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Libra is Facebook’s Codename for Their Own Cryptocurrency

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A great deal of speculation has floated around Facebook’s rumored cryptocurrency, which we now learned it’s codenamed Libra. The debut of Libra could unlock a new era of commerce and payments for the social network along with its many other services like Instagram, WhatsApp, and Messenger. It could offer low or no-fee on payments made between friends. Furthermore, it could be used for remittance of earnings to families from migrant workers abroad who are often ripped off by traditional as well as shady money transfer services.

 

German magazine WirtschaftsWoche‘s Sebastian Kirsch recently learned that the white paper for Facebook’s cryptocurrency will debut June 18th. Furthermore, a basket of currencies will secure the cryptocurrency instead of a single currency. This strategy will prevent price fluctuations. Another source also claims that Facebook is targeting a 2020 formal launch of the cryptocurrency.

 

Bypassing traditional payment processing providers and credit card transaction fees would allow Facebook’s cryptocurrency to offer a cheaper way to pay merchants both online and offline. It could also facilitate microtransactions for a la carte news articles as well as compensating content creators for their work. Besides payment convenience, a better understanding of who buys what from which brands, it could aid Facebook in ad measurement, ranking, and targeting to amplify its core business. Facebook’s cryptocurrency could even help prevent fake news and foreign governments buying ads to spread false information.

 

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What else we learned about Facebook’s cryptocurrency

The idea behind the name choice

As mentioned above, Facebook will most likely use the Libra codename as the official name for its cryptocurrency. The Information also reported that the company will not use the name GlobalCoin as BBC had declared. The speculations around the cryptocurrency’s name come also as a result of Facebook’s registered company called Libra Networks in Switzerland for financial services. Libra could be also a wordplay coming from the abbreviation for the London Inter-bank Offered Rate, LIBOR. While LIBOR is used as a benchmark interest rate for borrowing between banks, Facebook’s Libra is meant to be for the ordinary people.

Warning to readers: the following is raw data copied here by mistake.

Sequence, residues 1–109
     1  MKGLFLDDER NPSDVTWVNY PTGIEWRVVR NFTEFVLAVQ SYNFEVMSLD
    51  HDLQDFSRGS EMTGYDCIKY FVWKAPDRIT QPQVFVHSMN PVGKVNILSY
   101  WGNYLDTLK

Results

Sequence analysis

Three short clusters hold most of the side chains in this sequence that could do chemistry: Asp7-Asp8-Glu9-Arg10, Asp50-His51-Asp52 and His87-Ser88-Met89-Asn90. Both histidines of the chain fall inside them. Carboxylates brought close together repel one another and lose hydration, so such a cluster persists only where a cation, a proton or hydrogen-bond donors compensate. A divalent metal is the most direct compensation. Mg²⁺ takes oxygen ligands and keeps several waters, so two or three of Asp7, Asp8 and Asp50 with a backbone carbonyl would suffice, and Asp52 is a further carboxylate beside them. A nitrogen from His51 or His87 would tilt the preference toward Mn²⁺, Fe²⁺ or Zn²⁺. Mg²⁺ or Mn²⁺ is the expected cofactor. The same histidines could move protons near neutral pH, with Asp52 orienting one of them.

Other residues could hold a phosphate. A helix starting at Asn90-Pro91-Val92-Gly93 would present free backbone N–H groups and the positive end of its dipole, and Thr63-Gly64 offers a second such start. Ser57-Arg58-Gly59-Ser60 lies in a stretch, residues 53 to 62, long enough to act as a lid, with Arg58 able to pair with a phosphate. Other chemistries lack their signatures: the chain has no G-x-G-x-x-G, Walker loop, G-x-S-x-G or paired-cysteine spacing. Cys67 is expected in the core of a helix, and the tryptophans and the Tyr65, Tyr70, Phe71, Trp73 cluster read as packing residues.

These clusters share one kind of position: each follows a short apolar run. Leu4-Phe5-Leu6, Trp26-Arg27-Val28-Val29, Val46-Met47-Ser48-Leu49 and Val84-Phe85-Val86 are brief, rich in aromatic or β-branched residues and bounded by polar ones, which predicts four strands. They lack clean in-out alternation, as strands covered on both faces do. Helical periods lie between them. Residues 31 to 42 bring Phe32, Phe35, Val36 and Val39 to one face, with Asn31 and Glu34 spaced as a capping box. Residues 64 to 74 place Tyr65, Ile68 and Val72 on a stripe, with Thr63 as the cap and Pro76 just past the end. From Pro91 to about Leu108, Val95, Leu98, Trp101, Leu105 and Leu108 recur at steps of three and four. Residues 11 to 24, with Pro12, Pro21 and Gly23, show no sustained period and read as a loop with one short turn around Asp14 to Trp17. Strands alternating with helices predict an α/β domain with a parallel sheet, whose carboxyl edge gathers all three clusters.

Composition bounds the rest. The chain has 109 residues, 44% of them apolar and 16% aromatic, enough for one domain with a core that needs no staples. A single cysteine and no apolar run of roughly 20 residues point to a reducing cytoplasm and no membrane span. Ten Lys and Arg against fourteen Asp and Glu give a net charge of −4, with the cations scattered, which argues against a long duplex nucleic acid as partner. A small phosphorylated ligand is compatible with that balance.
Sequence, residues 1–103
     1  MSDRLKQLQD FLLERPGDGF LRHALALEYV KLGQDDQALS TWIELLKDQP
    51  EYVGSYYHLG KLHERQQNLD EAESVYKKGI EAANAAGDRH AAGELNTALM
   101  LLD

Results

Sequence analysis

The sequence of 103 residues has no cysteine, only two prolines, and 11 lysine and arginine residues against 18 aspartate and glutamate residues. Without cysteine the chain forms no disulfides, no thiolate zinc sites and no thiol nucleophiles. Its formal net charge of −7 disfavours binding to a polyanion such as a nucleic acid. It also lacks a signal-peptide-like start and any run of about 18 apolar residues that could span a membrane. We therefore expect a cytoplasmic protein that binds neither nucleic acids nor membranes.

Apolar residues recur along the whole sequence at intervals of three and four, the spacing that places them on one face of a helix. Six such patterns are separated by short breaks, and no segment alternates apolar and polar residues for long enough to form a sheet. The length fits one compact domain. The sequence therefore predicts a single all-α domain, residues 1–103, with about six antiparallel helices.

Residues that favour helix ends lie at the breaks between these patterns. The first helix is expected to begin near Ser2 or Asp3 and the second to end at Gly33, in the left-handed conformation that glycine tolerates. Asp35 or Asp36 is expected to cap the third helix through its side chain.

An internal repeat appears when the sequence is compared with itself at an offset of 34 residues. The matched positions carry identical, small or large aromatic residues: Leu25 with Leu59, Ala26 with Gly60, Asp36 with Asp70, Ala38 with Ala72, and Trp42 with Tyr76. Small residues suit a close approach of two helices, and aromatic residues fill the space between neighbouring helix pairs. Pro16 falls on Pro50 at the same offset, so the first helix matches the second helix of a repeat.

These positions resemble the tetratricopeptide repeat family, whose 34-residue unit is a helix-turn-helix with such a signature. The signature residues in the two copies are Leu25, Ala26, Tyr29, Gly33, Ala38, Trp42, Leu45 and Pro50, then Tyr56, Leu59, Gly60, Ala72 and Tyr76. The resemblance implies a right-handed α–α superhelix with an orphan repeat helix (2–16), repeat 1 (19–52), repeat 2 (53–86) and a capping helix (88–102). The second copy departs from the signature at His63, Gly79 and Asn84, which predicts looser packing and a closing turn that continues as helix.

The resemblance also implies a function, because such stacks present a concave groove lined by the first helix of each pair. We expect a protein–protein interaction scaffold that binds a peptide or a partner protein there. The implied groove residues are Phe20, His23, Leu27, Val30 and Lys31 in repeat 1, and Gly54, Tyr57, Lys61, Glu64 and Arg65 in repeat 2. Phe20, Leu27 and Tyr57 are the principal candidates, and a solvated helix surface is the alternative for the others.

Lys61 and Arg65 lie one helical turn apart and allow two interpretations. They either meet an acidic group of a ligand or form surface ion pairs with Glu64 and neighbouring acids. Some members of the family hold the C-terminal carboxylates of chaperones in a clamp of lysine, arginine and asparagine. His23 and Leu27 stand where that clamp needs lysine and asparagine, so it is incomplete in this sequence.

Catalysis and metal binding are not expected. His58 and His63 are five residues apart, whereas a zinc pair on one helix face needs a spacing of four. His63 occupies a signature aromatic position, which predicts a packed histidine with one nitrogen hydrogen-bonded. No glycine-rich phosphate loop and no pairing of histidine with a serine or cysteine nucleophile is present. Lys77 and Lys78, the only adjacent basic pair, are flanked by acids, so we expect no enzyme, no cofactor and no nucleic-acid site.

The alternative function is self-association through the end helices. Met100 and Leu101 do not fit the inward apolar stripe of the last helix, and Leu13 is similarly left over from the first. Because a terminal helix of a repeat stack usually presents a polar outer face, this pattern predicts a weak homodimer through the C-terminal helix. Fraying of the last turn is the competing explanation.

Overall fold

It is a token

Facebook’s cryptocurrency is a token, which is designed to have a stable price. In this way, it could avoid conflicts and complications due to price fluctuations during a payment or negotiation process. Facebook has contacted several financial institutions regarding contributing with capital. That’s because Facebook wants to form a $1 billion basket of multiple international fiat currencies and low-risk securities. The idea behind that is the capital to act as collateral to stabilize the price of the coin.

 

How it will be used

Transactions of Facebook’s Libra will occur with zero fees via Facebook products including Messenger and WhatsApp. Facebook is negotiating with sellers to approve payments with the new cryptocurrency. The company might also propose sign-up bonuses. According to The Information, Facebook also plans to have physical devices for ATMs. In that way users will be able to exchange traditional assets for the cryptocurrency.

 

Meet the team

On top of Facebook’s blockchain project is Facebook Messenger’s VP and former PayPal President, David Marcus. His team includes a lot of other business stars such as former Instagram VP of Product Kevin Weil, Facebook’s former corporate Head of Treasury Operations Sunita Parasuraman as well as many elite engineers. In order to keep the project in secret, the team works at a specially dedicated part of Facebook’s headquarters with no reach to other employees. However, the launch of Facebook’s cryptocurrency requires the company to get into partnerships with other companies which leads to many leaks.

 

Governance

Facebook is negotiating to create an independent foundation that will manage the new cryptocurrency. The company is reaching out to companies with a special offer regarding the cryptocurrency network. In other words, companies can pay $10 million to operate a node that can validate transactions. They will in exchange get some governance over the token. In addition, the node operators could benefit financially, as well. With the decentralization to the governance of the project, Facebook wants to avoid regulation and conflicts in regards to it possessing too much power over a global currency.

 

All in all it is quite exciting for both the blockchain and cryptocurrency community to see a large tech player like Facebook entering the arena. We will make sure to keep you updated when we hear any news from either Facebook or trusted sources.

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